Batalik – A tribute to the human spirit


The mountain dwarfs everything around

Kargil is a regular trading town, slightly ramshackle, surrounded by apricot orchards. It is nestled at the base of this massive mountain which looks more pronounced as we climb up the gently winding road to Humbotingla.

Layer upon layer it rises

The setting of the drive is dramatic with this almost black rock feature rising up  along like a Grand Canyon wall…rugged & wild. The pass itself looks desolate with these snow covered peaks stretching out in all directions. On the other side, not far down is this village. Still reeling under the wind chill factor which hit us full on when we hopped out of the warm confines of the vehicle, freezing our grins semi-permanently on our faces like everything around, in the warm vehicle once again I can only wonder at the hows & whys of the people living in that village.

HumbotingLa -Here the world seems to end but not for the bravest


The mighty river will have it’s way

The road then descends through this steep narrow ravine, hurtling along a mountain stream & criss-crossing it & a village or two, clinging onto the steep sides & suddenly, the road swerves to a side! Thank god! There is the Indus, far far below, in a gorge nearly vertical in places.So deep, so silent yet relentless as it moves on, out of India. There in this seemingly end of the earth rugged place, nestled into a craggy outcrop, is this tiny oasis. This little’ Asterix-Obelix’ meet ‘Lord of the Ring’ elf’s village of the Brokpas. The village of Darchik.

Paradise is here

Darchik looks like its been pulled out of an Albert Uderzo comic. Its a hamlet of handsome people. Their origins a mystery. One can’t help but marvel at the human spirit. Why, of of all  the places in this whole wide world, would anyone come & carve out (literally it seems) a life in this isolated narrow deep gorge?But these people came & now have this fairy tale place complete with green fields, apricot trees, pretty houses, crystal clear little water falls & streams rushing  to meet the mighty river down below.

On the drive back towards Khalatse we crossed the other village of the Brokpas, Hanu. Got a fleeting glimpse of the most startling pair of green eyes  full of mischief on this tiny tot running to these village elders sitting along the road. The drive back  to Leh along the Indus out of Batalik was, thankfully, less vertigo-inducing than our route in & we saw a massive rock in the river which, according to the driver, has Buddha’s ear carved into it. Our driver being a local of this valley had turned his nose up at the dried apricots available in Kargil. He insisted that the Batalik ones were the melt – in -the -mouth kind, which they were. We also picked up some ‘shilajit’ which is found in the upper regions of the valley. I couldn’t get myself to have it finally, having heard so much of its …ahem, uses. I had visions of myself running around with either topped up testosterone levels or/and hot flushes!! Some aspects of the human ‘spirit’ are valued only in the mountains I guess!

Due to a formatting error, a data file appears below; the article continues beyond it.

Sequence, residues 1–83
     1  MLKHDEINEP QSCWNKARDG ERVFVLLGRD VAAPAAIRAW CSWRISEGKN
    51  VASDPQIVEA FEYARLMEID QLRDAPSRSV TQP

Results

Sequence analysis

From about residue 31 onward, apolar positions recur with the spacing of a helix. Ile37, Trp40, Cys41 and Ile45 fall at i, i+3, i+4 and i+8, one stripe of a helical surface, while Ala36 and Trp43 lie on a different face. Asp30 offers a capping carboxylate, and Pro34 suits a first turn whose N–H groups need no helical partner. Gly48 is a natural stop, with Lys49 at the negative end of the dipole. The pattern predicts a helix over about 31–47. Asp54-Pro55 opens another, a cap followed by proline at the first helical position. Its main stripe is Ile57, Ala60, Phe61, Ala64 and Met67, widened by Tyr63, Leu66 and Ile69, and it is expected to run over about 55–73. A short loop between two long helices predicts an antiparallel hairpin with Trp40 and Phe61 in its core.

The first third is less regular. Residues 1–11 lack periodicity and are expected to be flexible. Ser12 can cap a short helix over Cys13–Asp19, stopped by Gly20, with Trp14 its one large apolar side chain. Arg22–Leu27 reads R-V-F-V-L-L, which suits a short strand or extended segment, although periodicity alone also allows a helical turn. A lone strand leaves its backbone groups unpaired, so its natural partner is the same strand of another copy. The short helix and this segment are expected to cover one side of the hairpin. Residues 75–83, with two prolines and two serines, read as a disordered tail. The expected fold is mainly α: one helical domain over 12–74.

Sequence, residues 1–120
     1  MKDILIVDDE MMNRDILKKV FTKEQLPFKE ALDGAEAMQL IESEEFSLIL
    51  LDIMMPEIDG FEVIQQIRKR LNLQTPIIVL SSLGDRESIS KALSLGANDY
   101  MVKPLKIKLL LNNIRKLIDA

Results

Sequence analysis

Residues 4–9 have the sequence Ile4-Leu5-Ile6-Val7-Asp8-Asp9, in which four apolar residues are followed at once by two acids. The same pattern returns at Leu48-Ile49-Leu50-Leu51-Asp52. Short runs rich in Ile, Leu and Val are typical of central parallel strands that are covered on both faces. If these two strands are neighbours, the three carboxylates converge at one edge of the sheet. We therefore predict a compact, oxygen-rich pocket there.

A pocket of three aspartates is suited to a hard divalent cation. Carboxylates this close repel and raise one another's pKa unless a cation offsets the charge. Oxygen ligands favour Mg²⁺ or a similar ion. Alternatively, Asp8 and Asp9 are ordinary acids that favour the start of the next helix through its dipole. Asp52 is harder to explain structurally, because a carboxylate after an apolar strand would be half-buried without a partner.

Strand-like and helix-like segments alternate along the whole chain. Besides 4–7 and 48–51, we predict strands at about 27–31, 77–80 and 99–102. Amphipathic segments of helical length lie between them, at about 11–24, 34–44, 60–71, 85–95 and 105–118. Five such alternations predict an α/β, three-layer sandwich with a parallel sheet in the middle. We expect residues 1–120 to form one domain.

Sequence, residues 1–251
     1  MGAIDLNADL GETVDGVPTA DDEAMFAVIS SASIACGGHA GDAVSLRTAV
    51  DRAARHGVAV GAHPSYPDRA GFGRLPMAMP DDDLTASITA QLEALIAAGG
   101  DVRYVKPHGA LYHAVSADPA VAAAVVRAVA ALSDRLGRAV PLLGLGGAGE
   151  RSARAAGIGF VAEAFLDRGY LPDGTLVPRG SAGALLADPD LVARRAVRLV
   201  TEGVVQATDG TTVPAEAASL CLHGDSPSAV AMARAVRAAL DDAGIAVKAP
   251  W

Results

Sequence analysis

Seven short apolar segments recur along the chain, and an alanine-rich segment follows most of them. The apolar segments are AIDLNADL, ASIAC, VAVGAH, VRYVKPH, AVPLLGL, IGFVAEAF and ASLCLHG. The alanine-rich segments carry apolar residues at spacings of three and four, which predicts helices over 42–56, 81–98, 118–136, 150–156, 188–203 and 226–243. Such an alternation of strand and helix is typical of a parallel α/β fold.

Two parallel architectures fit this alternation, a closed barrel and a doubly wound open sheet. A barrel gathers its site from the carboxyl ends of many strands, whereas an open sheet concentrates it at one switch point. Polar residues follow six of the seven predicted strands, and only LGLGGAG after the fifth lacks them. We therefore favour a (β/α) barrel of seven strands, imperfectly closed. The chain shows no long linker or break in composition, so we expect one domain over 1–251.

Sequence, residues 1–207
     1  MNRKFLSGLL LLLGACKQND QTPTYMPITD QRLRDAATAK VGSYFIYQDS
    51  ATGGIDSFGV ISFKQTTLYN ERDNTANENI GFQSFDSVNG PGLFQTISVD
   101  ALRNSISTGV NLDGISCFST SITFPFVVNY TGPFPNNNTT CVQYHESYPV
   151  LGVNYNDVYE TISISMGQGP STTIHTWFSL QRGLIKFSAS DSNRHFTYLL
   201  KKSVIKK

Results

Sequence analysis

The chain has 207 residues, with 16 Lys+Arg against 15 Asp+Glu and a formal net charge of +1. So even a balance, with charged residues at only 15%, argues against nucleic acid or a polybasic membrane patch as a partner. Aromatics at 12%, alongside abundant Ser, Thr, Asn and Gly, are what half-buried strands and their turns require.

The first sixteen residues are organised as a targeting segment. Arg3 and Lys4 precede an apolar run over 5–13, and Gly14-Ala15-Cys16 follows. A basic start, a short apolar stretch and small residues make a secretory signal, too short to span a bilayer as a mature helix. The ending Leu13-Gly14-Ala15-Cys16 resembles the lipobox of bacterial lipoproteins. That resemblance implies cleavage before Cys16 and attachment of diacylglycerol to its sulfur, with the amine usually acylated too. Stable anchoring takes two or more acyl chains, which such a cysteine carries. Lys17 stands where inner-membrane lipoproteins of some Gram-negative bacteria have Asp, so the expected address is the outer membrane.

Dras – Highway through heaven

Setting out early on a clear crisp morning on the highway from Leh to Dras we hit Pathar Sahib soon enough. Like we were to discover, everything in Ladakh is larger than life & incredible is the norm, we bowed our heads in front of the rock bearing the indention of Guru Nanak’s silhouette & the demon’s foot. Guru Nanak seems to be  the original intrepid traveler.

On the road again we crossed the’ Magnetic’ hill. We sped past it as it held no such ‘magnetic’ attraction for us. The confluence of the two mighty rivers the Indus & the Zanskar showed the latter in much muddy light.

The Rock of Fotu la

The highway was a dream run & we sped past tiny villages, the surrounding fields showing a hint of luminescent green. The road alignment seemed to have changed since the last time I had traveled on it & we passed through the much photographed ‘moonland’ & not above it. We wound our way around the Lamayuru monastery which had been a bit of a blip way down there on a side last time. So there were none of the hair-raising ‘jalebi mors’ up to Fotu La where, the last time, our teenage (or so he looked) bus driver in all his youthful exuberance had taken a wide turn on the first bend down & so, had these two shrieking women nearly jump across the engine onto him.(I plead guilty to being one of them.) But to our credit  we dint! We just held onto each other & prayed. Not daring to look down from  the nearly 13,000 feet we were at. I guess our reaction just ensured he drove at a more staid pace & took tighter turns thereafter! The pass itself was windy & there was a hint of falling snow this time. The vista on the other side was stunning with this snow-crested massif on the left looking like a ‘I’ve- been- here- forever’ implacable chunk of giant rock.

Winter gives way to spring bud by bud

At Mulbekh, right next to the main road, carved on the face of a giant rock face, stands the Maitreya Buddha, its base hidden inside a tiny temple.

The ponies foraging as snow meets it’s end

Kargil seemed to be warmer than Leh going by the greener fields & orchards of flowering apricots. Their pale beauty frustrating my efforts to vividly capture  their beauty on camera. After Kargil there were frozen streams of snow melting into the river flowing along the road. At one place the path had been cleared through  this huge muddy mound of  snow. Ponies grazed contentedly on patches of green along the snow in the fading light. Winter giving way to spring.


Ice land wonder

Dras was still frozen in most bits. A village on the far side of the stream was still snow bound. The entire geography of the place seemed to have altered since my last trip, it seemed. Given it was too early in the year there were none of the rolling grassy meadows & wild flowers that we had enjoyed that time. The War Memorial is a must-visit. The last letters making me want to bawl buckets. There is a ‘Draupadi Kund’, a fathomless spring ahead of Dras on the road to Zoji La pass. The Pandavas have supposed to have come this way on their last journey….It seems to have been the last journey of many a  braveheart.